Get a grip on reality

中国日报网 2017-08-22 11:06



Get a grip on realityReader question:

When they say so-and-so should “get a grip on reality”, what do they mean exactly?

My comments:

They mean to say that so-and-so has lost touch with reality – their opinion is out of touch, incorrect and very irrational.

In other words, they’re very poor in judgment.

Literally, to get a grip is to get in control. A grip, you see, the way you hold something tightly. Some people, for example, have a firm grip when they shake your hand, and you cannot help but cry out loud: What a grip!

If you’ve done any wall climbing, you’d know the importance of literally getting a grip, a firm grip as a matter of fact, all the time and every step of the way. The climbing wall, of course, is artificially constructed with grips for hands and feet. Lose a grip and you lose control – risking falling off the wall.

Hence and therefore, to get a grip is to get (back) in touch and in control, in control of yourself, your emotions or a particular situation.

Or reality, of course.

Usually, when people ask you to get a grip on yourself, they mean to say you should make an effort to control yourself, after you’ve, for fear, anger or some other reason, lost your composure. By getting a grip on yourself, you’ll relax and calm down; you’ll become more rational and reasonable.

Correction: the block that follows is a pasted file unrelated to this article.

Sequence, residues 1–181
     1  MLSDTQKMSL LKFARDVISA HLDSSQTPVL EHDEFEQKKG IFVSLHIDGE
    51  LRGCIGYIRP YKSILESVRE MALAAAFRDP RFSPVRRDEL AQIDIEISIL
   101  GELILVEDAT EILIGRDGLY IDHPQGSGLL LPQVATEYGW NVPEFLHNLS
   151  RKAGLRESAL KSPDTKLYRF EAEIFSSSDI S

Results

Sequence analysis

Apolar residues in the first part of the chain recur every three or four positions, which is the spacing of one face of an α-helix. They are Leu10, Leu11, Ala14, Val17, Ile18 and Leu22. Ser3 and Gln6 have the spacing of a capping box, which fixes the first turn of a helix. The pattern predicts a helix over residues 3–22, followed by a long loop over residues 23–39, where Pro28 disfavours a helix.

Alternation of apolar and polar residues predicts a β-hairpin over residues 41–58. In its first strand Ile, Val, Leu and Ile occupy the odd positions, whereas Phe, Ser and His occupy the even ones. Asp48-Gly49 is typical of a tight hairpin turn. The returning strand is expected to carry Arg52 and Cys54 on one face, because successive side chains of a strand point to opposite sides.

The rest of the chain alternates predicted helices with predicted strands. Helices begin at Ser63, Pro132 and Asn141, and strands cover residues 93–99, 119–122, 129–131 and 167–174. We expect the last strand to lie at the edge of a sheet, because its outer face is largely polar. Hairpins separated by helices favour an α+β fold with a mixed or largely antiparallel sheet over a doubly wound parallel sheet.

When people ask you to “get a grip on reality”, on the other hand, they are talking about assessing a complex social or political issue. They mean to say that your assessment of the situation is wrong, way off the mark and that you should improve your understanding of the difficult situation. Only by understanding the situation correctly can you expect to deal with it in likewise fashion.

All right, here are media examples of people asking others to “get a grip”, one way or another:

1. It is sometimes hard to know what to say to a friend in need.

But whatever words you choose, stay clear of ‘get a grip’ or ‘pull yourself together’. They have been voted the most annoying phrases to use to comfort someone.

A poll of 5,000 adults also found ‘there, there’ and telling them ‘keep a stiff upper lip’ will also not necessarily be appreciated.

Instead, the phrases ‘one day we’ll laugh at this’ and ‘I really feel for you’ are genuinely reassuring, it was found.

Researchers for AXA found one in five Brits admit they often don’t know what to say to comfort a friend, colleague or relative.

Language expert Susie Dent said: ‘We all know that little words or phrases can mean a lot, yet so few of us know just what to say.

‘Phrases, such as “chin up”, or “it could be worse”, usually have the opposite effect; they feel tired and impersonal, even dismissive.’

The most commonly used phrase in Britain to reassure others in times of need is ‘I know how you feel’ with nearly a quarter of people using it on a regular basis.

Experts who carried out the study found overall, the phrases have a much greater impact on women than they do on men, with women around 18 percent more affected than men by what others say to them in times of need.

Looking at the most annoying phrases, 74 percent of women hate hearing “get a grip” compared with 62 percent of men.

However, one in 10 men uses the phrase on a regular basis.

Women also dislike being told to ‘pull yourself together’ with 73 percent finding it annoying compared with 59 percent of men.

Just under a quarter of men (24 per cent) said they use the phrase regularly.

The most commonly used phrase in Britain to reassure others in times of need is ‘I know how you feel’ with nearly a quarter of people (24 percent) using it on a regular basis.